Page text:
According to the Snuggles Project the blankets serve to not only keep the animals warmer by giving them a cushion between themselves and their cages/floor, but it also provides them with some comfort. This in turn quiets the animal, removing tension and making them more easy going and thus more likely to be adopted. It should also make the cage itself more inviting and presentable. And, after all, when you're trying to adopt an animal, you're essentially selling that animal's personality to a potential family. It's marketing whether we like it or not. I'm excited about this project. I've started knitting a blanket myself over the holidays in order to gauge how much yarn to give the students. I'm using my large yellow Knifty Knitter Loom with two skeins of Red Heart Super Saver yarn, both skeins knitted as one. Most of my students have opted to learn on looms. Using two strands makes it more cushiony. The acrylic yarn is better for washing. So far, it's knitting up very well and is producing a sizable blanket for a small dog or cat. I'm shooting for February to have these done (in time for Valentine's Day). You can find patterns for Snuggles blankets on the website for the Snuggles Project (below). Please check out these sites and get involved.

Tuesday, December 18, 2007

The Scarf


I have finally finished the longest knitting project of my knitting career, which, incidentally isn't all that long. I just learned to knit with needles last summer. I undertook a project to complete by this Christmas for the daughter of a good friend of ours - a hat and scarf combination from the Charmed Knits book, both knitted in Gryffindor colors. It was a real learning experience as I'd never knitted with such small yarn. I must have started over on each item at least twice. They will go into the mail today as they will travel halfway across the country. I now know how to decrease a hat with double pointed needles, how to add color and catch up the new yarn in the knitting as well as how to do a double bind-off. I also learned not to add tassels on the first end finished until the other end is bound off so the whole thing doesn't end up twisted and you have to remove the tassels once again to get them straight. Whew! Anyway, I hope our friend enjoys these as much as I did knitting them. I'm now onto knitting bamboo scarves for other friends. Seven days left. Fly needles, fly!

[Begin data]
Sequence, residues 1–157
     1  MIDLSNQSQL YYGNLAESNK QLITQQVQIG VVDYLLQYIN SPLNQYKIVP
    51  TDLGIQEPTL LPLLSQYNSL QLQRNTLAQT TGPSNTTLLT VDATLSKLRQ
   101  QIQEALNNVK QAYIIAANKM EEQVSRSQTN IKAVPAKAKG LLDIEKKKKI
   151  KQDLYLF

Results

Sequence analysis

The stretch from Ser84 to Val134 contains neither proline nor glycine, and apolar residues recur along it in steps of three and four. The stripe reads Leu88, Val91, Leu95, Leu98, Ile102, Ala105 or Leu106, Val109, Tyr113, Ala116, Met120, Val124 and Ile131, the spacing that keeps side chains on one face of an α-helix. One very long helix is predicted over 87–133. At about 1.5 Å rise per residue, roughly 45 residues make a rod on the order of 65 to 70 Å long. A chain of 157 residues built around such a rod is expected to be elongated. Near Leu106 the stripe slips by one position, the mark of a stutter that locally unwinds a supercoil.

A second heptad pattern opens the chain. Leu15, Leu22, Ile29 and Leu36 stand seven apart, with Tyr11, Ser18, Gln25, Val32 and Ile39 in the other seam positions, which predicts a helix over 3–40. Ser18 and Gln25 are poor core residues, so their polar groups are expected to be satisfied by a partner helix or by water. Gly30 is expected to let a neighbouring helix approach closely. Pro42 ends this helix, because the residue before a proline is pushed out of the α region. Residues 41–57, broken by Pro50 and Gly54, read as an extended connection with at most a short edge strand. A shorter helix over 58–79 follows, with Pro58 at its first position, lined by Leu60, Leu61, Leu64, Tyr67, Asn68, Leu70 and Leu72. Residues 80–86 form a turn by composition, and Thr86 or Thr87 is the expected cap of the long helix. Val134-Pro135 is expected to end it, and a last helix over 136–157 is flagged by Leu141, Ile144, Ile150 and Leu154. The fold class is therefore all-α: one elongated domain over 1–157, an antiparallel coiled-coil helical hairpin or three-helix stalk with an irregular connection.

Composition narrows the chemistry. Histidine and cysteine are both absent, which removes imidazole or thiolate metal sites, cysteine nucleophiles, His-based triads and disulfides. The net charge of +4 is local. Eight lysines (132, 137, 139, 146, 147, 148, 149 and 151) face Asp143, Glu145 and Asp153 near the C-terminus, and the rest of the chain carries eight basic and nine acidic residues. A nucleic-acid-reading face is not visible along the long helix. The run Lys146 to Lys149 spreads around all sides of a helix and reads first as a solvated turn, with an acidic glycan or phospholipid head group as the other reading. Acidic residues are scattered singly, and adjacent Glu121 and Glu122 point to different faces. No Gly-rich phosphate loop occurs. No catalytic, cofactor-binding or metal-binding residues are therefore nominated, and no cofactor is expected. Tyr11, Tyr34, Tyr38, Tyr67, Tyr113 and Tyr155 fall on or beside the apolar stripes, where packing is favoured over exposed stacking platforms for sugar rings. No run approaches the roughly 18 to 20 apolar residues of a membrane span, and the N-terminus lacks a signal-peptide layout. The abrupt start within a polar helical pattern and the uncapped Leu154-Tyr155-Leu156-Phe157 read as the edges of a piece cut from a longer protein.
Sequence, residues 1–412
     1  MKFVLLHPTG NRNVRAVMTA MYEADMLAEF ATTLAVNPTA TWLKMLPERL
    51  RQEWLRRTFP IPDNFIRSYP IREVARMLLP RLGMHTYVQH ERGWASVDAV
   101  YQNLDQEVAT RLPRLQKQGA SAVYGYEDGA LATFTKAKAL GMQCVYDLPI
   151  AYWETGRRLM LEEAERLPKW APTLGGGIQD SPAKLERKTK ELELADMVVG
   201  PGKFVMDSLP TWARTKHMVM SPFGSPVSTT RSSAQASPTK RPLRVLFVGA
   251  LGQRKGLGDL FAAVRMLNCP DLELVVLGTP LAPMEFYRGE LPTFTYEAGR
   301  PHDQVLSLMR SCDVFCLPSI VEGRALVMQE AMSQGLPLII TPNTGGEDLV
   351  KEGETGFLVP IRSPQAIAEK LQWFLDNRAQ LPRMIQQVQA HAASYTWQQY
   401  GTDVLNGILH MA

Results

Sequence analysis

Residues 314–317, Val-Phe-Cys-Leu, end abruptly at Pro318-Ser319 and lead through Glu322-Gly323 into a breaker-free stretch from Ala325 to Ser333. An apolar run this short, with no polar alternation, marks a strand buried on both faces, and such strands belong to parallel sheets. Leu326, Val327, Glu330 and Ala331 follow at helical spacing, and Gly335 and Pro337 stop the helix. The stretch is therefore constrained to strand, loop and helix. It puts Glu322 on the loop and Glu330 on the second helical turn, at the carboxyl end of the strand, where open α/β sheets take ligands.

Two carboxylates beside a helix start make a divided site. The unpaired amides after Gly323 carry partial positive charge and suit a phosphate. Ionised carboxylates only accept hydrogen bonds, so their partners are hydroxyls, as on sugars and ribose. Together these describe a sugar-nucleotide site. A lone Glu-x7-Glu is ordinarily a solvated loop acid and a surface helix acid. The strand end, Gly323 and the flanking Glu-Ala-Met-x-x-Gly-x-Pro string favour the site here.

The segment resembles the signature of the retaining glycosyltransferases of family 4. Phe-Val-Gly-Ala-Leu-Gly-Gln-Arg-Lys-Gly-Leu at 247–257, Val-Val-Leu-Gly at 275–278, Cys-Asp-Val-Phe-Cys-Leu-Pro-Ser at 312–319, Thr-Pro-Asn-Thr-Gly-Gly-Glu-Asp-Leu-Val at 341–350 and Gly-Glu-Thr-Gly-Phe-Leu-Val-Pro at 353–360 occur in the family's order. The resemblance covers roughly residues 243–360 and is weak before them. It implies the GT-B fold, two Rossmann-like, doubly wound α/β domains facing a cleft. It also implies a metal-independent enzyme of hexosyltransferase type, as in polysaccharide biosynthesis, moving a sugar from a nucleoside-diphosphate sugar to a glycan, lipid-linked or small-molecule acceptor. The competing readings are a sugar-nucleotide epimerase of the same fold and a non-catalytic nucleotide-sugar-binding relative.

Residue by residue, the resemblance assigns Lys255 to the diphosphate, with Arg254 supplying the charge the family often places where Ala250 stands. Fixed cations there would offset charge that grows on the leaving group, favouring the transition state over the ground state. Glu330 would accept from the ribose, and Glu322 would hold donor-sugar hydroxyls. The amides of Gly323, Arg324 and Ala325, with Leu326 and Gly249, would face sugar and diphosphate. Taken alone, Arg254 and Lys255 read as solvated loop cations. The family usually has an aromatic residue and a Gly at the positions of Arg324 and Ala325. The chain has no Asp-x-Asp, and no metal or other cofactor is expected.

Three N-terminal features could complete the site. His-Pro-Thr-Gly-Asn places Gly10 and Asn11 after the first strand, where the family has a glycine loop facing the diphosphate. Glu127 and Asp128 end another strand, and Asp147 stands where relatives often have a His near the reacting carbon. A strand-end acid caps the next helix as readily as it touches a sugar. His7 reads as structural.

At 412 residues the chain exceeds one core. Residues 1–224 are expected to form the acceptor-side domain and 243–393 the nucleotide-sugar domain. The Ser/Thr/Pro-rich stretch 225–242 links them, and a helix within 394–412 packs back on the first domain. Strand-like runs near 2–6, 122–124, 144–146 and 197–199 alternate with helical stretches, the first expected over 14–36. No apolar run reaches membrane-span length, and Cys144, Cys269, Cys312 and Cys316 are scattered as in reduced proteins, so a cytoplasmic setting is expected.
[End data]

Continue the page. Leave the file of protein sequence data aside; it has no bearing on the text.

Saturday, December 8, 2007

Bartok Gourd




This is the latest tutorial of a gourd design process. I was commissioned to design a gourd for a colleague of my husband. It is for his father who is a fan of the composer Bartok. I found a piece of his music entitled Peasant Costume. I used two rubber stamps, one of three dancers and one of a musical stamp. I used four lengths of 1/4" masking tape to lay out the musical staff. I stamped the dancer images onto wide masking tape, three sets so that I could cut the images individually to place around the gourd. They're positioned to appear dancing on the music.
I used the same technique with the musical note to fill in the empty space between the dancers. The musical notes were drawn in by hand to match the composition. I waited overnight for the wood putty to dry in the bug holes. This provides a more even surface. I sanded the puttied holes in the morning and then pyrographed the images through the masking tape. The stem broke off during burning, so I decided to cover it up. I tried gluing without success, and then made a musical note out of Maker's Clay in black. This is an air dry clay which has a unique feel. I enjoyed using it as it went together pretty quickly. While it was soft I set it onto the top of the gourd, then removed it to dry overnight. I glued it back on when it was dry with Elmer's Wood Glue. The indention was already set into the bottom of the note, so it fitted perfectly. Sorry, but I didn't manage to get a final picture before it was whisked off to its new owner. Maybe I can get him to send me one for the blog.